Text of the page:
Piece of Apollo history on display from astronaut’s family

The Ambassador of Exploration Award recognizes the sacrifices and dedication of the Apollo, Gemini and Mercury astronauts. Each astronaut or their surviving families will be presented a lunar sample, part of the 842 pounds of moon rocks and soil returned during the six lunar expeditions from 1969 to 1972. (NASA image)

BRADENTON, Fla. – Fifty years after the Apollo 15 crew visited the moon, members of the family of astronaut Jim Irwin, the lunar module pilot who also drove the lunar rover, unveiled his NASA Ambassador of Exploration Award at The Bishop Museum of Science and Nature.

The award, which includes a lunar sample, encased in clear plastic-like protection, went on display Wednesday at The Bishop Museum of Science and Nature, 201 10th St. W. in Bradenton.

Were it not for stringent security rules, the award and moon sample might have instead gone to the James I. Irwin Charter School in Colorado Springs more than a decade ago, said family members, four of whom now live in the Bradenton-Sarasota area.

The school was unable to satisfy security requirements, and “it fell by the wayside,” Irwin’s daughter, Joy Irwin Schtakleff said.

However, when the family approached The Bishop Museum of Science and Nature, they “jumped on it like white on rice, like a cat on a mouse,” said Mary Ellen Irwin-Vickers, widow of Jim Irwin.

NASA and The Bishop did everything possible to make displaying the moon sample and award a reality on the 50th anniversary of the Apollo 15 mission, July 26-Aug. 7, 1971, Joy Irwin Schtakleff said. “It’s such a blessing for us to be here.”

The Apollo 15 mission was notable for being the first mission that a rover was used to explore another world and for the discovery of the Genesis Rock, thought to have its origins in the early days of the creation of the moon, said Hillary Spencer, chief executive officer of The Bishop.

“We are incredibly grateful and honored that the family of Col. Irwin specifically chose The Bishop to display this significant piece of history,” said Matthew D. Woodside, chief curator and director of exhibitions.

“This year, we’ve all been following the journey of Mars Rover Perseverance as it traverses the Red Planet and is beginning the process of collecting Martian samples. Exploring Mars today would not be possible if it weren’t for previous expeditions led by pioneers like Jim Irwin, who landed the Apollo 15 lunar module on the moon and then traversed it with the lunar rover,” Woodside said.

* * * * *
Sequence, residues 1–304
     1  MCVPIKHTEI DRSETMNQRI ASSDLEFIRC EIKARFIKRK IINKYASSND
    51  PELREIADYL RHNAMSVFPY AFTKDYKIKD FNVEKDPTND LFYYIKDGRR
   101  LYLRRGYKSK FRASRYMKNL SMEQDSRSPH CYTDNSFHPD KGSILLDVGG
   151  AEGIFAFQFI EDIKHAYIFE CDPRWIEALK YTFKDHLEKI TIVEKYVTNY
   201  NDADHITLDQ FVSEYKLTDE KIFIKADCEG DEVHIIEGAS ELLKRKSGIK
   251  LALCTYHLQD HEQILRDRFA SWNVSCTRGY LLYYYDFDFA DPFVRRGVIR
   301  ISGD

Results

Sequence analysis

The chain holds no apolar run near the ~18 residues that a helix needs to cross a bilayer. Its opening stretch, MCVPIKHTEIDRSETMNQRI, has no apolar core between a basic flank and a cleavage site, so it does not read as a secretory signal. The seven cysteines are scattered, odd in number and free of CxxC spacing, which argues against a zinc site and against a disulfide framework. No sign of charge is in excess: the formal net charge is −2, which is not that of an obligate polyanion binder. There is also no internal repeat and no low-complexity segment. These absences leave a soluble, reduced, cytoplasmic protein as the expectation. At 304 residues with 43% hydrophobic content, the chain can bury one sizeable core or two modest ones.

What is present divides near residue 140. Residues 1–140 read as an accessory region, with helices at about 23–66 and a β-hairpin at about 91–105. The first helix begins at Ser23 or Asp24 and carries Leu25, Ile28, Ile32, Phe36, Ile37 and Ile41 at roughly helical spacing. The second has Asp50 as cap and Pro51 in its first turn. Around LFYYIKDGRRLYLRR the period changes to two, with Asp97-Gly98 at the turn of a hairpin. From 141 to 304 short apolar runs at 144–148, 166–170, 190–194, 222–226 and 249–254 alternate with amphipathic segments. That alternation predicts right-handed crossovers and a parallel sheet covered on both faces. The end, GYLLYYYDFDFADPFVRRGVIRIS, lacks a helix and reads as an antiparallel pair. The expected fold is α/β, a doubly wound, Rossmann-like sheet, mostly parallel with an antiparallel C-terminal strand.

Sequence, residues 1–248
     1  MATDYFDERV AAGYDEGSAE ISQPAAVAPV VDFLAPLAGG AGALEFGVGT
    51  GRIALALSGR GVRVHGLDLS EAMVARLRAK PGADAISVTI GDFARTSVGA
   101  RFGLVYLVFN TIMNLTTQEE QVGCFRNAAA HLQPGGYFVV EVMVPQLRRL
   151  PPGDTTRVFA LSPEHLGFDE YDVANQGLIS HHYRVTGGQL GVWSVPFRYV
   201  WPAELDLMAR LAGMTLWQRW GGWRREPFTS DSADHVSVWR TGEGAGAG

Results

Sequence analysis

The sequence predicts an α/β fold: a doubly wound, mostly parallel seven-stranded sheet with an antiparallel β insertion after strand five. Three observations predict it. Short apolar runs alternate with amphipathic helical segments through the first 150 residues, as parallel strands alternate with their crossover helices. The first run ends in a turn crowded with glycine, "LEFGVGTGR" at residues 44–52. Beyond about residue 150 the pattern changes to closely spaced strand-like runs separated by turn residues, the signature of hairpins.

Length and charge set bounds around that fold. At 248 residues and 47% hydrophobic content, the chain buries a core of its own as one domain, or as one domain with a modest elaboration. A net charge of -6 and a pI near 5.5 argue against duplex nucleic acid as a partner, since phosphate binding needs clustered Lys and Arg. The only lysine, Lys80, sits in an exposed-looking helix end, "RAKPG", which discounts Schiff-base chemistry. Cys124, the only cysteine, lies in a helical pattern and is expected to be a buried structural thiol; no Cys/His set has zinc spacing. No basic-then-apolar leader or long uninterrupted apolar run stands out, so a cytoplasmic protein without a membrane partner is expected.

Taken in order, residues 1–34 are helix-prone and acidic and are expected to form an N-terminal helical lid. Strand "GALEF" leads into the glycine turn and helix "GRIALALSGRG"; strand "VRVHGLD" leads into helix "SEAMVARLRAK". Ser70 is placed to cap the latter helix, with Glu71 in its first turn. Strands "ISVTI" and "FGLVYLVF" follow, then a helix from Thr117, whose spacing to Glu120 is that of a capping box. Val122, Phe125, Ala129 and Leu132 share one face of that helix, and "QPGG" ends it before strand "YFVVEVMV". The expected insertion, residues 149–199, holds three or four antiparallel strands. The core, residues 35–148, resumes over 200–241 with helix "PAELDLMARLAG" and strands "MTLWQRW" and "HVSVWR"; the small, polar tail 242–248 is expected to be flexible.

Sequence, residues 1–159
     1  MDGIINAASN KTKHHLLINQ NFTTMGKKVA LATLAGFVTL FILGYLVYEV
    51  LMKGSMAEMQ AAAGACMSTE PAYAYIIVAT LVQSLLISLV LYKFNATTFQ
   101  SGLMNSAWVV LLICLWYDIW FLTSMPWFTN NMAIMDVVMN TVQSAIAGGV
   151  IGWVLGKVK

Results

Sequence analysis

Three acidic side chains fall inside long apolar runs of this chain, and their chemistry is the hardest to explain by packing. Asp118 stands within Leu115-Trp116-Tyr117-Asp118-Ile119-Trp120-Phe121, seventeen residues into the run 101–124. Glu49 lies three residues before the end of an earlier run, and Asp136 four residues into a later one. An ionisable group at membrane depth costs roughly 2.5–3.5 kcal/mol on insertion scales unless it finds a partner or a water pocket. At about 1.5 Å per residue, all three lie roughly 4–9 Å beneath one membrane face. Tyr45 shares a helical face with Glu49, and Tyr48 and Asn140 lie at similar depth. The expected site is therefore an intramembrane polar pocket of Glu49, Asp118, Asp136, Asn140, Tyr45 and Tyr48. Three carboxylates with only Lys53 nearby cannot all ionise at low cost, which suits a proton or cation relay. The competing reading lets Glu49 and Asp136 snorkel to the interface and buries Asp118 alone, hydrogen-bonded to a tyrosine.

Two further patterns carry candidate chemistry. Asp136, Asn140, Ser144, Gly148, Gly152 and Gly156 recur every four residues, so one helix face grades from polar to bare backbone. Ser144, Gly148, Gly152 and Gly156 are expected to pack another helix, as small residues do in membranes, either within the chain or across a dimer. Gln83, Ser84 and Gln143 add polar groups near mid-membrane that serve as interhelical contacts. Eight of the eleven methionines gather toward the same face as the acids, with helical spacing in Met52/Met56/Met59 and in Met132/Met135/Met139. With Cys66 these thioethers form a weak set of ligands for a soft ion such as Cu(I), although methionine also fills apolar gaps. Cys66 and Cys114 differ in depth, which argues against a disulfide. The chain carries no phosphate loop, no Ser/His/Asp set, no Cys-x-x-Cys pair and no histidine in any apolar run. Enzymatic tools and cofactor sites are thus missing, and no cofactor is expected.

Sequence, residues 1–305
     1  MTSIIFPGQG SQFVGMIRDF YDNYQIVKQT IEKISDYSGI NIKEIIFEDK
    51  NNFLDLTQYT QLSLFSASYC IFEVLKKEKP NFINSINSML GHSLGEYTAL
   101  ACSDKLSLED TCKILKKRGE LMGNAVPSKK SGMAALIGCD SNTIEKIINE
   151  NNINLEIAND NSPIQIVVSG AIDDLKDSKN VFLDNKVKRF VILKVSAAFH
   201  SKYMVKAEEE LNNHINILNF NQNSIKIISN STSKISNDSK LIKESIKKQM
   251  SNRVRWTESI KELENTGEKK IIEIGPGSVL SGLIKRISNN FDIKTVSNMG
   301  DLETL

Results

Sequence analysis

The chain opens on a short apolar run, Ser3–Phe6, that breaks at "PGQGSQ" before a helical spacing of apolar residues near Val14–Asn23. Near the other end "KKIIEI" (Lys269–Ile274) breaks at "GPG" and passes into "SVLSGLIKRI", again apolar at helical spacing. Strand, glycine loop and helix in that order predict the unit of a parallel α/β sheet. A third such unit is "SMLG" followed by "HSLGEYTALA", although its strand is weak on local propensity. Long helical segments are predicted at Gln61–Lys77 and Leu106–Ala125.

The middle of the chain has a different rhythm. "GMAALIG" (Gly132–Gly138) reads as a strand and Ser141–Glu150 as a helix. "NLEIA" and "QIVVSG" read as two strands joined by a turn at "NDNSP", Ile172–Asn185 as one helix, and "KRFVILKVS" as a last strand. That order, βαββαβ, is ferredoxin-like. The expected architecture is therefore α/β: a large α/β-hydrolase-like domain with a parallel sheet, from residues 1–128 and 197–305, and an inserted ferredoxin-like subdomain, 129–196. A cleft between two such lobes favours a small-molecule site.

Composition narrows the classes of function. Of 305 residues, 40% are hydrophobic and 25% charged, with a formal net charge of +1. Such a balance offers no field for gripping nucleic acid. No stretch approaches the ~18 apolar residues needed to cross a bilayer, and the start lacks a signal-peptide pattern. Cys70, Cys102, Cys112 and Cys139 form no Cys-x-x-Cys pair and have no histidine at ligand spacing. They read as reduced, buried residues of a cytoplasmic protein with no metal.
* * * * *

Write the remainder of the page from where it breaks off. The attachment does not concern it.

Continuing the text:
The NASA Ambassador of Exploration Award is an especially good fit for The Bishop with its all-digital planetarium exhibition.

Jill Irwin Christensen said her father applied three times for the astronaut program before being accepted.

“He was right there at the age limit. It was God’s design that he got in,” Christensen said. “It was an amazing ride. He felt God’s presence on the moon. Every time he whispered a prayer the response was immediate.”

Irwin returned from the mission a born-again Christian, resigned from the NASA program in 1972, and created the High Flight Foundation, an interdenominational evangelical organization based in Bradenton. He spent the rest of his life in Christian pursuits. He died of a heart attack in 1991 and is buried at Arlington National Cemetery.

Mary Ellen Irwin-Vickers said her time as an astronaut’s wife was very stressful.

“You had to look and act a certain way. It was hard on the kids to walk in their father’s shadow,” she said of the constant media attention.

The Irwins didn’t have a television at the time of the Apollo 15 mission. “It messes up your mind if you don’t get out in nature,” Mary Ellen said.

The family did borrow a TV, however, and was able to watch the mission unfold. In addition to Jim Irwin, other members of the Apollo 15 crew included commander David R. Scott and command module pilot Alfred M. Worden.

Jim Irwin II said he was “watching dad” during the mission while his young sisters watched cartoons.

While the family wasn’t able to go along on the mission, Jim Irwin brought along impressions of his wife and children’s fingerprints that he left next to his footprint on the lunar surface.

Growing up in an astronaut family, and around other families in the space program, “mom never displayed any fear to us,” Joy Irwin Schtakleff said.

Mary Ellen Irwin-Vickers attributed the calm she was able to convey to her children to her deep faith.

“I was kneeling by the window and praying, and I could see how bright the moon was. I remember thanking God for bringing him safely. No, I wasn’t afraid,” she said. “Normal doesn’t exist except on your dryer.”

After Jim Irwin’s space days were over, the couple would often speak to groups about the moon mission and Mary Ellen carried a replica of the Genesis Rock in her pocketbook, which she displayed Wednesday at The Bishop.

Between 1969 and 1972, American astronauts brought home 842 pounds of rocks and soil samples from the moon.

Irwin’s family and other Gemini, Mercury and Apollo astronauts were given the NASA Ambassador Awards in 2004. Lunar samples remain the property of NASA, but the space agency gives permission to families to display them in museums or other educational facilities to inspire new generations of space explorers.